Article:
IHS Awards New Cooperative Agreements for Ending the HIV and HCV Epidemics in Indian Country
Cross-posted from IHS Newsroom, originally published 9/27/22
Today, the Indian Health Service is announcing $1.2 million in three-year cooperative agreements to seven tribes, tribal organizations, and urban Indian organizations for “Ending the HIV Epidemic in the U.S.” to support work toward eliminating HIV and hepatitis C in Indian Country.
“HIV and hepatitis C remain a significant public health issues,” said IHS Chief Medical Officer Dr. Loretta Christensen. “The Indian Health Service is committed to improving health outcomes for those already living with HIV and HCV and reducing and preventing new infections. Ending the HIV and HCV epidemics requires a whole of society effort, and its success depends on everyone working together, including the IHS, tribes, and tribal and urban Indian organizations. This funding will support our efforts to prevent further spread of HIV and HCV.”
Beginning in fiscal year 2021, the IHS received $5 million for “Ending the HIV Epidemic in the U.S.” The funds support tribes, tribal organizations, and urban Indian organizations’ activities that address HIV/HCV and sexually transmitted infections. The following organizations received funding:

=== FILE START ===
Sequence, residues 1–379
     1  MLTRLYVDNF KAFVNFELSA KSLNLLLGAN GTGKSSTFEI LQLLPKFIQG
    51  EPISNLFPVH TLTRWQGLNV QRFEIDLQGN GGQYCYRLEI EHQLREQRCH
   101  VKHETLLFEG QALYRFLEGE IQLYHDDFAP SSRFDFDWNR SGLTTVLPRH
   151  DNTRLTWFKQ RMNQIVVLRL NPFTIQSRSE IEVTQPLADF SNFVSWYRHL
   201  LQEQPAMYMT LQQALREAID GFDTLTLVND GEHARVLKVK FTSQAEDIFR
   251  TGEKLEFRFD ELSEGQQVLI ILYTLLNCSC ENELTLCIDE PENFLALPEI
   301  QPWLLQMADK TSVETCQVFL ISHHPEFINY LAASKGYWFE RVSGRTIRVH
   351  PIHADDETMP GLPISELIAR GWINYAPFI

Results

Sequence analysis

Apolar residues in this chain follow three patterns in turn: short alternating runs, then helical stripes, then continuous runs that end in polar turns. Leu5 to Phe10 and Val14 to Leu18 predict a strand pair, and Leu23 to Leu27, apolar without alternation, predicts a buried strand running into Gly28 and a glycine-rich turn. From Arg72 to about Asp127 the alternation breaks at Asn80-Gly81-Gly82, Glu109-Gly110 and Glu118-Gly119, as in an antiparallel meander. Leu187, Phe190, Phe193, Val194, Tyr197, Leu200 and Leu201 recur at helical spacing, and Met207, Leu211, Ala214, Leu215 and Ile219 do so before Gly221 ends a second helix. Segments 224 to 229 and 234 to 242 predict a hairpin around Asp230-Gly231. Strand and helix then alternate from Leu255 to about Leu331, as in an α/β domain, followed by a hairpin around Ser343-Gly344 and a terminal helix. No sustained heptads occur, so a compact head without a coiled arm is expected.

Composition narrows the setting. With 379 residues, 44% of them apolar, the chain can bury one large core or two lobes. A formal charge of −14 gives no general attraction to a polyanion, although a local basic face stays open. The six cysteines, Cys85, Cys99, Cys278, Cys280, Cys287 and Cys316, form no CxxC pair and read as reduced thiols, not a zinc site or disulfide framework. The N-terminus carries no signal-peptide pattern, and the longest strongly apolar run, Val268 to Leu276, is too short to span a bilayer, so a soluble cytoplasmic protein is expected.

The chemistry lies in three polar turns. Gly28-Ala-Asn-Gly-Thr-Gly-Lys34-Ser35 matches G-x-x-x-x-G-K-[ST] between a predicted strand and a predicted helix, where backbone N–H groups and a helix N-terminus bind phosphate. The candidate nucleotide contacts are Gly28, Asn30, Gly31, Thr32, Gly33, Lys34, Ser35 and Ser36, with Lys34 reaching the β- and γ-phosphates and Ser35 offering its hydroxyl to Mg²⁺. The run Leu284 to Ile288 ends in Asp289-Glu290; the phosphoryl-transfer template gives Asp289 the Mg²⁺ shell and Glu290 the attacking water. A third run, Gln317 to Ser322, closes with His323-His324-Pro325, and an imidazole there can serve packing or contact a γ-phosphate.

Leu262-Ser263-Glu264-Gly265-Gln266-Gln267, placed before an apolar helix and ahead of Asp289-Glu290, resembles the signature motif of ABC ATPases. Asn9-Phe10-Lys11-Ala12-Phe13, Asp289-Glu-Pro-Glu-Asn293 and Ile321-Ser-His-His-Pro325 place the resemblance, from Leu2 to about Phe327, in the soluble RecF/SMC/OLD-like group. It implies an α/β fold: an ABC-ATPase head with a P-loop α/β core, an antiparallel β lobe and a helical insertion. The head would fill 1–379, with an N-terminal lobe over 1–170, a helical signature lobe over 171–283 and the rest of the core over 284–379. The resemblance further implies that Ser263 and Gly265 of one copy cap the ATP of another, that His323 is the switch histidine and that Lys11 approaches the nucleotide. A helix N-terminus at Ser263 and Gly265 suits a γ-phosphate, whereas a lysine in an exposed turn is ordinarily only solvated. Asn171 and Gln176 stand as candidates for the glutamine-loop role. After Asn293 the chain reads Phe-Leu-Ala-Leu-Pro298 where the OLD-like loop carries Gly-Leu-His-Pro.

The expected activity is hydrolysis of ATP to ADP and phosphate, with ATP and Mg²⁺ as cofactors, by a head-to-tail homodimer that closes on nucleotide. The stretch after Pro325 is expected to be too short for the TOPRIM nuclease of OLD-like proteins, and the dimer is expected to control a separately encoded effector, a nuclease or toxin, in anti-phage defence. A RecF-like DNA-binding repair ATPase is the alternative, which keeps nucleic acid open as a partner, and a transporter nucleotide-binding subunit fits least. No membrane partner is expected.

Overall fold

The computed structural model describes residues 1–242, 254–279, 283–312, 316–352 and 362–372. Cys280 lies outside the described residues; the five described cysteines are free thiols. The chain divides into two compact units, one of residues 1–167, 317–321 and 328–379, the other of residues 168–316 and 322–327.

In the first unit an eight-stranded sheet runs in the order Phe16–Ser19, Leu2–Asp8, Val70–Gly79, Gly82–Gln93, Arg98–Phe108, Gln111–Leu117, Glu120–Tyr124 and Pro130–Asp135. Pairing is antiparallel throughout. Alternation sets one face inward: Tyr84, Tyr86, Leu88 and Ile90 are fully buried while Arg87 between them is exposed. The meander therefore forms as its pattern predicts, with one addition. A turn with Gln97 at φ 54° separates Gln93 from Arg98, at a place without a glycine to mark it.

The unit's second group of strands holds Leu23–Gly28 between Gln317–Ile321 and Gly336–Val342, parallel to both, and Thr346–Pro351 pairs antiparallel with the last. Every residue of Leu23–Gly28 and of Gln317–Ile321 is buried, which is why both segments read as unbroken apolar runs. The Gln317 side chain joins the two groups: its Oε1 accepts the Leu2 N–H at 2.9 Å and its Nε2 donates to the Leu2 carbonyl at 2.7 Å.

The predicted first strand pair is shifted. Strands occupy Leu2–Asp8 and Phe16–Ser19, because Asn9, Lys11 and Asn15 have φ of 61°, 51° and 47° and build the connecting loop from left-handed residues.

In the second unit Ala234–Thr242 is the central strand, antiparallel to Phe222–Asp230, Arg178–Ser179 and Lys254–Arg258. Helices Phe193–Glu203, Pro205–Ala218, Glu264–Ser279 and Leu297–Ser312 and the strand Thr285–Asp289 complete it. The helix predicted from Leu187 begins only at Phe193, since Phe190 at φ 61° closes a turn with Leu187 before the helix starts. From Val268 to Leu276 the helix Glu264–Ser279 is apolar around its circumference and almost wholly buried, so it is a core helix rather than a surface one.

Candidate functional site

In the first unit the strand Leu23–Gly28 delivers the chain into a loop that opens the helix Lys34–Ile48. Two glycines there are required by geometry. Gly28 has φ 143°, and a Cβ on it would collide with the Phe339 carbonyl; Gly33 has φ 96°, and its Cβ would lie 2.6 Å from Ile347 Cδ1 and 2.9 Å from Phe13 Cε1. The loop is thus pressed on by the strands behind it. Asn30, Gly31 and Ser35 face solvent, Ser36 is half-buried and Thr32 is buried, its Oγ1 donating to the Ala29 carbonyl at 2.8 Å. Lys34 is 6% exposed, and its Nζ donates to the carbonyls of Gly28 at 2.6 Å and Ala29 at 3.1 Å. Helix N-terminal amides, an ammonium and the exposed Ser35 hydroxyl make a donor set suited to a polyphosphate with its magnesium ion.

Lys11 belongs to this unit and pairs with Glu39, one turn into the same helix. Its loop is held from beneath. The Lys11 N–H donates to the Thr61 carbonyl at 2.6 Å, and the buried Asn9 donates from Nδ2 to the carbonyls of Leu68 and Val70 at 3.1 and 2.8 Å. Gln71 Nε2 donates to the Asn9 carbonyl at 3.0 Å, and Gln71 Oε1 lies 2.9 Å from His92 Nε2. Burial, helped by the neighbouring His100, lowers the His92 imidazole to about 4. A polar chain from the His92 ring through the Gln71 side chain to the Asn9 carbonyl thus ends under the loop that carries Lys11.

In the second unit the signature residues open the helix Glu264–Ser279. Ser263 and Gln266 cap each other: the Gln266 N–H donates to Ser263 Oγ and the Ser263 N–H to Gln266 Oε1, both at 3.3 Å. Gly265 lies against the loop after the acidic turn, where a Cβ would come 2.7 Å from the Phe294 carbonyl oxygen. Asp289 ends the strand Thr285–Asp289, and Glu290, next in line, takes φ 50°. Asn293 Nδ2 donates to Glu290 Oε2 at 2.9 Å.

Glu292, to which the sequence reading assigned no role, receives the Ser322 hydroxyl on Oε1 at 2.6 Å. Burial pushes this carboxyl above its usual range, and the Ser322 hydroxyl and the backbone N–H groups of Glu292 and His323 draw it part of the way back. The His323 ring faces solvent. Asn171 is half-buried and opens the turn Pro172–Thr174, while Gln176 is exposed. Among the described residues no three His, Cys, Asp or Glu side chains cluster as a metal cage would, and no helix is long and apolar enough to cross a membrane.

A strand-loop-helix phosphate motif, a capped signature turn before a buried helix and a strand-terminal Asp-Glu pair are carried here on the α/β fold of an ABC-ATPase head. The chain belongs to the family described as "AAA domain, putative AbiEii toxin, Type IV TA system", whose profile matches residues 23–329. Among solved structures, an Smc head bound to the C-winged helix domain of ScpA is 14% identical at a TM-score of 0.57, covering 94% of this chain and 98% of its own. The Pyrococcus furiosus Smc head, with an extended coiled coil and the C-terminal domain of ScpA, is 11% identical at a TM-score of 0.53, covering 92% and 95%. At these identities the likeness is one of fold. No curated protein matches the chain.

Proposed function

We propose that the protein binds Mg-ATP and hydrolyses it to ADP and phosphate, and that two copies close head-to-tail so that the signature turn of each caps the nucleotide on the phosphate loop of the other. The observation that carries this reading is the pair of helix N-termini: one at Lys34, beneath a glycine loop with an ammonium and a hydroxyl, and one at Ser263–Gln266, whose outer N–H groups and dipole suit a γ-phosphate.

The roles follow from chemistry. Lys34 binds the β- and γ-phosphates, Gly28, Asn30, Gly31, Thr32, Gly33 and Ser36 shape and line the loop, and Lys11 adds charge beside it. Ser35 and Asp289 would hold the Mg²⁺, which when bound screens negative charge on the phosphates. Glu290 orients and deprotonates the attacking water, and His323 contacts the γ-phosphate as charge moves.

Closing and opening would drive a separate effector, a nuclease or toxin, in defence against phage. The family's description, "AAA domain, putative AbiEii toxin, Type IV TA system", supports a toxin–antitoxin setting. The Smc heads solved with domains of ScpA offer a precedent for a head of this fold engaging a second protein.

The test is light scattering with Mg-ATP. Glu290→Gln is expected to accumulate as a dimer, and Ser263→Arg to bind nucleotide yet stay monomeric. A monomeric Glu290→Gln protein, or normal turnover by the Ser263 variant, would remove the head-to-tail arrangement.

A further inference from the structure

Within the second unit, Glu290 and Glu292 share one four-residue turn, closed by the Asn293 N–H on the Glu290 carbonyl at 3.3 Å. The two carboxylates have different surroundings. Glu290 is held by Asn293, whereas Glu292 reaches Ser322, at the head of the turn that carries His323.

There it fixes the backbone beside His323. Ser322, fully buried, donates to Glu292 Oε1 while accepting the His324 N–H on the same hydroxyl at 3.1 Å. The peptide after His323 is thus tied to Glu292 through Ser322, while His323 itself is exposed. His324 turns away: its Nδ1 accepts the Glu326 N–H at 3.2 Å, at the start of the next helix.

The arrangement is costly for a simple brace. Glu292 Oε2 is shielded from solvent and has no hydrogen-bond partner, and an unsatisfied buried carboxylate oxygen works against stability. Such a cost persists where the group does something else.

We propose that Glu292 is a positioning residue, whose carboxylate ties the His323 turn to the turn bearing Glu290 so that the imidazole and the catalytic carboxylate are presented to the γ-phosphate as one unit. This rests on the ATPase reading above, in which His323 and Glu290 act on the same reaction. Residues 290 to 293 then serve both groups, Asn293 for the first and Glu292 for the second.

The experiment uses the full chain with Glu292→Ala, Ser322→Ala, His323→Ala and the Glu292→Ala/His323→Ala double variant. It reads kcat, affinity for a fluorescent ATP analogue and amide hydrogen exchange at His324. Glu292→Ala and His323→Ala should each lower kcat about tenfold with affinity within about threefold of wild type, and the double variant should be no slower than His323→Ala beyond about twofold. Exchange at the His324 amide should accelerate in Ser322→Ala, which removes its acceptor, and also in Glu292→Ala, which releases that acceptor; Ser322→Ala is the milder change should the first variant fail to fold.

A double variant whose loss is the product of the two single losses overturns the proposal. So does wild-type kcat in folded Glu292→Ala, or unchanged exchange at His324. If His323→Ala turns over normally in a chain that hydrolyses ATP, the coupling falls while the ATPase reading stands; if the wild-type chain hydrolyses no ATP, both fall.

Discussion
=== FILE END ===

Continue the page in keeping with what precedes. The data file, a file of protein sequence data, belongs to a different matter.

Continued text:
|Southern Indian Health Council, Inc.
|Albuquerque Area Indian Health Board, Inc.
|First Nations Community HealthSource
|Native American Rehabilitation Association of the Northwest
|Rosebud Sioux Tribe
|Seattle Indian Health Board
The IHS hosted several tribal consultations and urban confer conference calls with tribal and urban Indian organization leaders in March, April, and May 2021 to seek feedback on priorities necessary to implement and build the initiative for maximum success in facilities across the Indian health system. IHS shared the funding decisions in a letter to tribes and urban Indian organizations on March 24, 2022.
While Indian Country has made progress since the late 1980s in the fight against HIV, there is still more work to do. Among people living with HIV, American Indian and Alaska Native communities have the largest percentage of persons with undiagnosed HIV infection. National interventions have reduced the number of new HIV diagnoses, but not everyone benefits equally from these advances. For example, men who have sex with men account for most new HIV diagnoses. Stigma in Native communities can also be a debilitating barrier preventing someone living with HIV or at risk for HIV from receiving the health care services they need and deserve. IHS continues to address barriers for people living on Indian reservations and in other rural communities that limit opportunities for education and HIV testing.
The IHS, an agency in the U.S. Department of Health and Human Services, provides a comprehensive health service delivery system for approximately 2.7 million American Indians and Alaska Natives who belong to 574 federally recognized tribes in 37 states. Follow the agency via social media on FacebookExit Disclaimer, TwitterExit Disclaimer, and LinkedInExit Disclaimer.